Tips for US minority journalists applying to ICFJ’s overseas reporting fellowship

by Sam Berkhead
Oct 30, 2018 in Journalism Basics
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For the last nine years, the International Center for Journalists (ICFJ) has allowed U.S. minority journalists to gain international reporting experience and advance their careers through its Bringing Home the World fellowship.

During the program, fellows spend two weeks on assignment in a country of their choice following an orientation in Washington, D.C. Once they return, they publish their stories in U.S. media outlets, bringing compelling, global stories to American audiences and more diversity to international news. Since the program’s inception, fellows have produced more than 225 stories that have reached millions of readers.

In a live chat, former fellows Christine Armario of the Associated Press and Eyder Peralta of NPR shared insights and advice from their application experience. Our top takeaways:

Am I eligible to apply?

The Bringing Home the World fellowship is open to English-speaking minority journalists working at an American news organization or as freelance journalists in the U.S. While the term “minority” typically refers to racial minorities — African-American, Latinx, Asian-American, etc. — ICFJ has also offered the fellowship to LGBT journalists, explained Alexsandra Canedo, program assistant. Applicants should have a valid passport, but don’t need to be U.S. citizens.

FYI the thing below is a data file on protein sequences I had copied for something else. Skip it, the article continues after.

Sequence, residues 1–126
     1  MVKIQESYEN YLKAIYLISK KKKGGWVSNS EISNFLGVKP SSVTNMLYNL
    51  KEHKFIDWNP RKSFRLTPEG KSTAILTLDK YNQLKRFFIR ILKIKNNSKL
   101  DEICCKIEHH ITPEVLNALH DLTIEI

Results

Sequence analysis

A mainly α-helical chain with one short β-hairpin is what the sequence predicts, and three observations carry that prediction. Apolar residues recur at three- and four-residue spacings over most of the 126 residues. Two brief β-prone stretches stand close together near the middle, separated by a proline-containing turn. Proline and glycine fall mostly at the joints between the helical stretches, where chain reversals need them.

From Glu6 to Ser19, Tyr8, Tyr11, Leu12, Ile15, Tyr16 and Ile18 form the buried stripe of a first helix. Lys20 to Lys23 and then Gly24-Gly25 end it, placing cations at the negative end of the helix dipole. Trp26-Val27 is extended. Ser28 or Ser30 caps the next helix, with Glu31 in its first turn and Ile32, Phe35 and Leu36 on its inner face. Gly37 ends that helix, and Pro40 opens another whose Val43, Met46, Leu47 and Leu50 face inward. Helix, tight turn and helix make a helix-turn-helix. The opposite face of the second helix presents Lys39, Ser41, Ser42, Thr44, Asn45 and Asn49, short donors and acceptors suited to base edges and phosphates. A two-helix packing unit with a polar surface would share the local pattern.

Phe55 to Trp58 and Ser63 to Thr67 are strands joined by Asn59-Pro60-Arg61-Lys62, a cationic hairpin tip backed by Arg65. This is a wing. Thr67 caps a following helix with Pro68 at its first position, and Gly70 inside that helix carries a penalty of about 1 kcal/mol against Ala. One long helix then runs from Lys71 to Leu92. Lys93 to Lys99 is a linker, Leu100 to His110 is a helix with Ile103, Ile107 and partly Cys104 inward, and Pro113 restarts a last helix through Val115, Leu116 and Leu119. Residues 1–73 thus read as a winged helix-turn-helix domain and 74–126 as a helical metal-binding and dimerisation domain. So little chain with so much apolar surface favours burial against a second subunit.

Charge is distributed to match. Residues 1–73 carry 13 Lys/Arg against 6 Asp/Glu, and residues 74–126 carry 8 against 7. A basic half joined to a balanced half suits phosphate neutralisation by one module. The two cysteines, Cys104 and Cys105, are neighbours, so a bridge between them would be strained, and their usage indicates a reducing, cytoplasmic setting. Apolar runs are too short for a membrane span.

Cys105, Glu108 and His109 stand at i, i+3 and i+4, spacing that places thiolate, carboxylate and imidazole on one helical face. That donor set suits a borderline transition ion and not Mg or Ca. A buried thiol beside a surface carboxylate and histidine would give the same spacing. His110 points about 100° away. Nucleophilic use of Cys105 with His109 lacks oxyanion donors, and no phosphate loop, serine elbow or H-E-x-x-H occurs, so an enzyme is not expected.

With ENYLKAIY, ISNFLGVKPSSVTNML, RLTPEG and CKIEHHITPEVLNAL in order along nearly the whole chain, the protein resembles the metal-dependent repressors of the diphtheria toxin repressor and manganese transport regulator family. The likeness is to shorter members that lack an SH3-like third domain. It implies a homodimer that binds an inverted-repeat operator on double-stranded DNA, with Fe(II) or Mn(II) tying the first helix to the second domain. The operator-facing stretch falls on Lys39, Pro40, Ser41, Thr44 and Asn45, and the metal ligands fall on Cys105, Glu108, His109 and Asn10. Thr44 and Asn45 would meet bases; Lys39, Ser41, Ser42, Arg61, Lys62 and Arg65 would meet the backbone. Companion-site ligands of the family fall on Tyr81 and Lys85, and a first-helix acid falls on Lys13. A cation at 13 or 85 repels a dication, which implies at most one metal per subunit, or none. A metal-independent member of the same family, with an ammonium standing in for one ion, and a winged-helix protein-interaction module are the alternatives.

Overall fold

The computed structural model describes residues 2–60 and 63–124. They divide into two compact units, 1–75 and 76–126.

Christine Armario and Eyder Peralta
Christine Armario and Eyder Peralta.

How do I choose a topic?

Because fellows’ completed stories will appear in U.S. media outlets, they should select a topic that interests American readers.

During her fellowship, Armario traveled to Cuba in 2015 to report on life on the island. For Armario, making her international topic appeal to audiences at home was an easy task — many Americans are interested in this subject as the country moves forward in normalizing its relations with Cuba.

Things were more challenging for Peralta, who in 2014 traveled to Nicaragua to investigate the country’s drug trafficking issues. While his topic didn’t directly connect to the U.S., Peralta said he believes that storytelling that puts people at the center is relevant everywhere.

“Two things are really important: people and storytelling,” he said. “If you put people at the center of stories, they are almost immediately universal. And if you take your time and build stories with good narratives an American audience — or any audience, really — will listen.”

What goes into a winning project proposal?

Once you’ve honed in on a topic, it’s time to write a brief project proposal for your application. Typically, ICFJ is open to more ambitious and innovative projects as long as they can feasibly be completed by the end of the two-week fellowship and don’t present safety threats to the fellow.

“I tried to be really ambitious with my proposal,” Peralta said. “I figure you dream big, and then as reality — budget, logistics, an editor or just plain luck — start getting in the way, it's easier to trim it back. Also, I'm guessing that ICFJ likes to fund ambitious projects.”

Armario noted that logistics — how you’ll stay safe, where you’ll be staying and what you’ll do if you run into a problem — can make a big difference in your application. Journalists hoping to travel to higher-risk countries should especially make an effort to explain how they’ll safely complete their stories.

Applicants can also look over ICFJ’s project proposal guidelines for more detailed instructions.

For more information on applying to ICFJ’s Bringing Home the World fellowship, click here.

Main image CC-licensed by Flickr via Moyan Brenn. Images of Armario and Peralta courtesy of their Twitter pages.